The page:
Golden Eagle Migration Survey 2018 | Montana Audubon

Montana Audubon

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Golden Eagle Migration Survey 2018

With autumn settling in, Montana Audubon has begun its annual two-month count of migrating raptors in the Big Belt Mountains: 2018 marks the fourth year of the Golden Eagle Migration Survey (GEMS) project. Working with our partners Montana Fish, Wildlife and Parks and the Helena-Lewis and Clark National Forest, we will count an estimated three to four thousand raptors known to pass through the site on their migration south along the Rocky Mountains. The count location is located along a 75-mile long northwest-southeast ridgeline where raptors harness prevailing winds to increase lift and speed during migration. This behavior often brings birds very close to observers, allowing their species, age, and occasionally sex to be determined as they pass by.

In 2017, observers counted 2,929 raptors during 41 of 47 survey days between September and 15th and October 31st.  Sixteen species were counted, including 2,159 Golden Eagles. The GEMS site, well known as a primary migration area for migrating Golden Eagles, recorded more of this species than any other U.S. migration site in 2017. We can’t wait to see what 2018 brings!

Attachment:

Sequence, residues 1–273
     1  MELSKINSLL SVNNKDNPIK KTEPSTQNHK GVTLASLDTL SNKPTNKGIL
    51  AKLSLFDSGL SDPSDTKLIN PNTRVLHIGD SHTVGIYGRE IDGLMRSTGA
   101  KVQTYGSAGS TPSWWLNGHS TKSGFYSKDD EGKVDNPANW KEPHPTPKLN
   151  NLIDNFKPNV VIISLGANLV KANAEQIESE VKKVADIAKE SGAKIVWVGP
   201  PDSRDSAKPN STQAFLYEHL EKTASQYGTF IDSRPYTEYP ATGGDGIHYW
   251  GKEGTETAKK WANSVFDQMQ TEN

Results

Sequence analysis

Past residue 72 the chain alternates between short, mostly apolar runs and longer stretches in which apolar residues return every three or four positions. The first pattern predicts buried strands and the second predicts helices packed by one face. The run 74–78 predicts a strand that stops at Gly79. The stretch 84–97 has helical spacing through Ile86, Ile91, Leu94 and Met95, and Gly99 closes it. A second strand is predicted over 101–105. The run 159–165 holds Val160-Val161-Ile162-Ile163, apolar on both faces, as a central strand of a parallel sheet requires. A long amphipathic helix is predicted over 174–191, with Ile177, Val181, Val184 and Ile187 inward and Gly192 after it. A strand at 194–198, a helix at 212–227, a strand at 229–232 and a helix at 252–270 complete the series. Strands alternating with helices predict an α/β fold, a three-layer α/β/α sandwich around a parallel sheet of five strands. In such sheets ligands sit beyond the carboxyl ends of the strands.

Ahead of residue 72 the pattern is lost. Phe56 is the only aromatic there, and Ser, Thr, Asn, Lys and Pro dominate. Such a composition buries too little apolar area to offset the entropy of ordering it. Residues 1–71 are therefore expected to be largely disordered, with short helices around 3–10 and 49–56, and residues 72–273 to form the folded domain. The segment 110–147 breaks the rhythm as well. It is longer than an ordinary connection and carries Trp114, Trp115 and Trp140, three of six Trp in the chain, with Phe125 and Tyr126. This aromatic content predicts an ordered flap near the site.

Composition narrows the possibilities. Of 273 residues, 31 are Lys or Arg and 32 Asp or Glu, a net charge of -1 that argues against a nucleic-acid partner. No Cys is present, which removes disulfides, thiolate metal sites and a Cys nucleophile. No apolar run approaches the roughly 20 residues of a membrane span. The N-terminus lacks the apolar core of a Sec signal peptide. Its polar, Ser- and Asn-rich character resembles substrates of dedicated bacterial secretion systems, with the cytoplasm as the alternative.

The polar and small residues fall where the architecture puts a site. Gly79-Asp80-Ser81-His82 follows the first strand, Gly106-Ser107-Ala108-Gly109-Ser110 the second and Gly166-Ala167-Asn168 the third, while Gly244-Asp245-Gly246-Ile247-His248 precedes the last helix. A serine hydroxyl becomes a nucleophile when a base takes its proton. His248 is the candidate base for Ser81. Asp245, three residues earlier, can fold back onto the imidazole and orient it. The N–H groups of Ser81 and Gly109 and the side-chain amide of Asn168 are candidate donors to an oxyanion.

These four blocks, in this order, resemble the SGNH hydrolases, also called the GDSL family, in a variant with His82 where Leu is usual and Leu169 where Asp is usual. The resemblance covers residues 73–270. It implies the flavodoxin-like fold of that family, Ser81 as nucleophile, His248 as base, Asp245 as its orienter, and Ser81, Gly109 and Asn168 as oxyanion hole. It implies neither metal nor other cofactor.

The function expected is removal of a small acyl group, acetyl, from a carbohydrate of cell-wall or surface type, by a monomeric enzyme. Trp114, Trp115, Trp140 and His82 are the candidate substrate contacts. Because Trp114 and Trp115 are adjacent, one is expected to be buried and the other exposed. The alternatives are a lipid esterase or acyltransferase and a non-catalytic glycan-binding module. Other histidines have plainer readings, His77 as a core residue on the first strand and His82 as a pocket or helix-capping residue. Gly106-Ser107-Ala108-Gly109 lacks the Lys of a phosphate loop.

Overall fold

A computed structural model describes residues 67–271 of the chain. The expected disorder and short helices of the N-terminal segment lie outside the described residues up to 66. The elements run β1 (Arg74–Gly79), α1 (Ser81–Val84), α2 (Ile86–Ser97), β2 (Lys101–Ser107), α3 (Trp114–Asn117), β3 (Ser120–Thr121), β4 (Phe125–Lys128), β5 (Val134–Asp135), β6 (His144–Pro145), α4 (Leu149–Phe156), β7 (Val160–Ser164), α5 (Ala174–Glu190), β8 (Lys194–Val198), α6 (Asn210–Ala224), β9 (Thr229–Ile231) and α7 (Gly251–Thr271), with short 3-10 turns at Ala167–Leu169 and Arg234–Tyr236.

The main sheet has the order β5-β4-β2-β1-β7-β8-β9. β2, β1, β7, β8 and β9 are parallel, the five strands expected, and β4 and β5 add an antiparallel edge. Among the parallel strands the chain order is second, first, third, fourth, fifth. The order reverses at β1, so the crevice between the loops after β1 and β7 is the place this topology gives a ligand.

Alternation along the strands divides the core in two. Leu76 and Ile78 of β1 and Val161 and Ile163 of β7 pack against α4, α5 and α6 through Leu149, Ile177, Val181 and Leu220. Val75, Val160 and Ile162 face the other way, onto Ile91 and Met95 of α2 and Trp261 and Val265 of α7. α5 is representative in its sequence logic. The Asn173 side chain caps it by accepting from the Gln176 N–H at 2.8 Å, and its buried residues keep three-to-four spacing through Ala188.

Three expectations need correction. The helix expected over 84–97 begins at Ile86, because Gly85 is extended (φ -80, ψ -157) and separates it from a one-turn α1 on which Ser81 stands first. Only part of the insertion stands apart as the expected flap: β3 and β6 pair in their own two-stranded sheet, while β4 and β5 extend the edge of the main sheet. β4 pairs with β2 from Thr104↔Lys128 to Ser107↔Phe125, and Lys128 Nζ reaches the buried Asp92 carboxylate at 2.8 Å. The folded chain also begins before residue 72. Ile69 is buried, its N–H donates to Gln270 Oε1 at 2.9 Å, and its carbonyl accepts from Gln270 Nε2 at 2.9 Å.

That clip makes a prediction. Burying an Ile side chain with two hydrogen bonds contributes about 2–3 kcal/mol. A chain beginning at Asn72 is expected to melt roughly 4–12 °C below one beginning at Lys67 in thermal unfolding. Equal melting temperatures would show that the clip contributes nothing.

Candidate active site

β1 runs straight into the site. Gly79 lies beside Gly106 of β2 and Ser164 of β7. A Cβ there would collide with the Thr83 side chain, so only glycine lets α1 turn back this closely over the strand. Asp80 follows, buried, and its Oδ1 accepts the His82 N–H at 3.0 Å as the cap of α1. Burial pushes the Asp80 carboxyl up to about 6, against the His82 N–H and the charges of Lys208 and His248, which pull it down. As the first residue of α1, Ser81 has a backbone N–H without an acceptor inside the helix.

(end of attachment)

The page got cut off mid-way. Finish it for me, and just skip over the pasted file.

Unlike last season which began with 18” of fresh snow on the ridge, our weather during the first week of the 2018 GEMS count was pleasant and sunny, despite some haze blown in from fires in Idaho. Partners will be surveying four days a week and the count, launched on September 5th, will continue through early November, weather permitting.

You can follow the progress of daily counts by visiting and navigating to Montana’s GEMS count at “Radio Tower West Slope”  which is the name of the main data collection site. You can also follow this season’s progress by joining us on Facebook and Instagram. See below for information about joining us for a Raptor ID workshop or field trip. To learn more about the project and to view reports from our past survey seasons, click here for the GEMS page on

Please contact Amy Seaman, Conservation Program Manager, at [email protected] for more information on the project. Click the following link for information regarding upcoming Raptor Identification Workshops.

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